Shutting up shop: High costs and shrinkage hitting Malaysian banks

Malaysia’s banking sector is shrinking despite a vibrant potential market of 30 million people. With less money in the economy, customers are more cautious.


Malaysia’s banking industry continues to shrink in every measure. From total assets to total deposits or total equity to net profit; figures have fallen from the consistent figures seen pre-2014.

This is because non-bank financial institutions are giving people more choice about where people put their money. Capital that used to sit in Malaysian banks is also being moved overseas. These both contribute to shrinking corporate profit.

Lending is increasingly competitive. The high cost of living and moderate economic growth is making finding business more difficult for providers. Today’s customers are more prudent in their consumer and commercial spending due to uncertainty in the economy. More than two dozen local and foreign banks are fighting for a share of the market of over 30 million people.

Big banks rarely exceed expectations on profitability and risk management

NPL and ROE of the top ten banks in Malaysia (%)

NPL: non-performing loans ROE: return on equity Size is net profit. Source: Google Finance

Malaysia’s ten largest banks reported a ROE of between 8% and 17.0% and most managed to outperform the average level of profitability. Only CIMB Group Holdings and RHB Bank Bhd failed.

Public Bank Bhd. had the highest ROE at 16.1%. “The industry outlook is expected to be challenging moving forward,” Chief Executive Tey Ah Lek said. “The decline in ROE was attributable to the gradual capital commitment build up.” This year, Public Bank Bhd. will adjust their target ROE to 15.0% compared to 16.5% last year. Tey explained that his company will need to “strengthen fee-based income as well as increase productivity”.

Only three out of the largest ten banks in Malaysia performed better than the average on non-performing loans (NPL). This shows that holding larger assets does not necessarily lead to a more effective management of risk.

Three of the top four banks have a big problem with problem loans; CIMB Group Holdings had a NPL ratio of (3.3%), RHB Bank Bhd. (2.4%) and Malayan Banking (2.3%). This compares to an average for Malaysia of 2.0%. Public Bank had the lowest 0.5%.

Banks continue to work on reducing costs through technology

The banking industry cost-to-income ratio (CIR) improved from 49.3% in 2015 to 46.3% in 2016. This is the first decline after year-on-year rises since pre-2012.

The CIR of the top four banks in Malaysia (%)

CIR: cost-to-income ratio Source: Google Finance

CIMB’s group holdings have the highest CIR in the industry thanks to pressure from unreasonably high operating costs. From 2015 to August 2016, the group closed 22 physical branches to “reduce operational costs and focus on digital banking”, said Tengku Zafrul Aziz, the CIMB Group CEO.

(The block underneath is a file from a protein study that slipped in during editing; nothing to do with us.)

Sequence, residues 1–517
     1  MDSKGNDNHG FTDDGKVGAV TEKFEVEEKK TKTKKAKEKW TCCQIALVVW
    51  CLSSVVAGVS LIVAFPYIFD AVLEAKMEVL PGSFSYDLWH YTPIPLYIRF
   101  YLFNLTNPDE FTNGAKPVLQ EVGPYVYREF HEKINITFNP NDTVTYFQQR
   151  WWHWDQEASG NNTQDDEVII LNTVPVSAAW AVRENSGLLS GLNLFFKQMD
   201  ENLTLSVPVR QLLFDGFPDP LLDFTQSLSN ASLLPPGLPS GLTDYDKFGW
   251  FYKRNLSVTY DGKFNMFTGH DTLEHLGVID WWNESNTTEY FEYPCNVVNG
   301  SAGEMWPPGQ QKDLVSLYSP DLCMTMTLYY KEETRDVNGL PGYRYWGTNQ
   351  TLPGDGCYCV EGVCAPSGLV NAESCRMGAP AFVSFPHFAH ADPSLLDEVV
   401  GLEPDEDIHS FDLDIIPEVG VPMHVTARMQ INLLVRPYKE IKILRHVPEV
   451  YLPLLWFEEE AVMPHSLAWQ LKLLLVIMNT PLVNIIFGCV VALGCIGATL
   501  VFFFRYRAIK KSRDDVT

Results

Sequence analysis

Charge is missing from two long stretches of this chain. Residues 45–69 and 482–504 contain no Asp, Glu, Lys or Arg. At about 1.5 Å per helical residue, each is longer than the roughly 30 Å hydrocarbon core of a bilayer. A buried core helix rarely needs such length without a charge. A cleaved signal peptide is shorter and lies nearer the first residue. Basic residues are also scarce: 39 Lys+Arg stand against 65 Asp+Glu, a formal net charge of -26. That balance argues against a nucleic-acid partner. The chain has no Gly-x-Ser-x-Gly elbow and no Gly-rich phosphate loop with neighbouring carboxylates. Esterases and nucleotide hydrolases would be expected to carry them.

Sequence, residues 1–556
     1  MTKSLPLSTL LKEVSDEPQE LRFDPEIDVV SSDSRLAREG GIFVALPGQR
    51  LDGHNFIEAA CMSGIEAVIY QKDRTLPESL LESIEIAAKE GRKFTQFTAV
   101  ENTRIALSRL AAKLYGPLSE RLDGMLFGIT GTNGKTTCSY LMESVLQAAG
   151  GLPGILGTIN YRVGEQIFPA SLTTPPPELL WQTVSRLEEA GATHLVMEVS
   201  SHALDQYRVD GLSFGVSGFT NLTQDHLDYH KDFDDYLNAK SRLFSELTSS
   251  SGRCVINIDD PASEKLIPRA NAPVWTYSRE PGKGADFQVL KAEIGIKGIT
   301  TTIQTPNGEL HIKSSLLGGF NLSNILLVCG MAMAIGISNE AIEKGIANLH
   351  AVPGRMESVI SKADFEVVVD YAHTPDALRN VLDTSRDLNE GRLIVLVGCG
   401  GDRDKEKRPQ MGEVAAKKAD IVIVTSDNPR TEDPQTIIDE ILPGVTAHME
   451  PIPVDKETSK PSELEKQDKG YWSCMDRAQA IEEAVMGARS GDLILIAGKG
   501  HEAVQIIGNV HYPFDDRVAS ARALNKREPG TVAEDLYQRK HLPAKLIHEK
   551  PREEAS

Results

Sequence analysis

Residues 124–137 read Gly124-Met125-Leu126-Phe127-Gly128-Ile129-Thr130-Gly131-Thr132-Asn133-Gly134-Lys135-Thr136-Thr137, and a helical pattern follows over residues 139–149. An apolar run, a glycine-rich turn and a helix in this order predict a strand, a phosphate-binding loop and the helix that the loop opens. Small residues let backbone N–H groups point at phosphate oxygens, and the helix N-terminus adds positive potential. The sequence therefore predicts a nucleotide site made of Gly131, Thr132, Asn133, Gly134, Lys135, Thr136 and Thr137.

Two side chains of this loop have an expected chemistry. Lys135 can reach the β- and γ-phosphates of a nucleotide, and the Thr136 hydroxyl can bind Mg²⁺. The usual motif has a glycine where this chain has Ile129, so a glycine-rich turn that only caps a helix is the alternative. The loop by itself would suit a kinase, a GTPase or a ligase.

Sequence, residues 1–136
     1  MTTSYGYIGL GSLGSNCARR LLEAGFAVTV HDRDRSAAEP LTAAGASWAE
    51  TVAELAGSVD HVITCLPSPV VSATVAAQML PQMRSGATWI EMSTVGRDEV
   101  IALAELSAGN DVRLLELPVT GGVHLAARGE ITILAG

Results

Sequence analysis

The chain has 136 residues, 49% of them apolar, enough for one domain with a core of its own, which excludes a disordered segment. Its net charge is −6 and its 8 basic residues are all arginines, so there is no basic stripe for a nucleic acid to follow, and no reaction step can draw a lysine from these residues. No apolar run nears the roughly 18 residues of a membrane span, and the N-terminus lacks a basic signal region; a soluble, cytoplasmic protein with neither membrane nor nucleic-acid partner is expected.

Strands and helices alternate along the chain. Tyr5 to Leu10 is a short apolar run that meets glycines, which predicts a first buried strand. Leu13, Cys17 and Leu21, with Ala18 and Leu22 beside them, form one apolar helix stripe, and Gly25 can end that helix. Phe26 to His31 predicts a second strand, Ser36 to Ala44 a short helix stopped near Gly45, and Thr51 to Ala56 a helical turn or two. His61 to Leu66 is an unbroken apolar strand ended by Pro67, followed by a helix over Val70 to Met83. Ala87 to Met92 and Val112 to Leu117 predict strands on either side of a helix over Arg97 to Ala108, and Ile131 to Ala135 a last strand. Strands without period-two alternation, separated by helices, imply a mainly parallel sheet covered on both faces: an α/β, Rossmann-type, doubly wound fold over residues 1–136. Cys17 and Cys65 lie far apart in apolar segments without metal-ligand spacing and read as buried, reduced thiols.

CIMB will not look to new branches as “digital optimisation is the way to go”, he said. Staff have also been laid off amid cuts in their microfinance and wealth management sector across Southeast Asia.

Public Bank Bhd. turned in a better performance with the lowest CIR of the top four at 32.3%. This is still a two-point increase compared to 2015. RHB Bank Bhd. is struggling more with a CIR of a 50.0%. Technology improvement has helped a little, and the bank has made savings in human resources thanks to investments in technology capabilities and infrastructure.

The physical presence of banks is shrinking but loan growth is expected

This is part of a wider shift in consumer preferences. Malayan Banking is one of the outlets still heavily committed to physical channels. Even they have closed 400 branches nationwide and 2,500 automated teller machines because of “lower-than-expected” demand.

Malaysia’s local banks will achieve 6.0% to 7.0% growth in their loan business during 2017, predicts the investor service of credit risk agency, Moody’s. “Our projections are more optimistic this year as we do think that the business conditions here are fairly robust,” said Simon Chen, Moody’s vice-president.

He added, “Malaysian banks have strong incentives to promote the growth of investment accounts because they provide capital benefits and an additional source of funding to grow assets.”

Banks need to adapt to a changing environment

RAM Rating Services Bhd., a Malaysia local credit rating agency, is less optimistic. Loan growth will remain flat in 2017, at about 5.0% to 6.0%, they estimate. Growth in 2016 was 5.3%. Liquidity of local banks remained “sound.” The inflation rate reached an eight-year high in March of 5.1% and the central bank predicted inflation will remain “relatively high” in the first half of this year.

The Malaysian banking sector is facing moderate growth in the economy, low demand for loans and increasing competition. Operators can face up to this changing and challenging environment by embracing the industry’s turn towards technology and digitalisation. It is not just knowing your customer, but reaching out to them and moving forward together.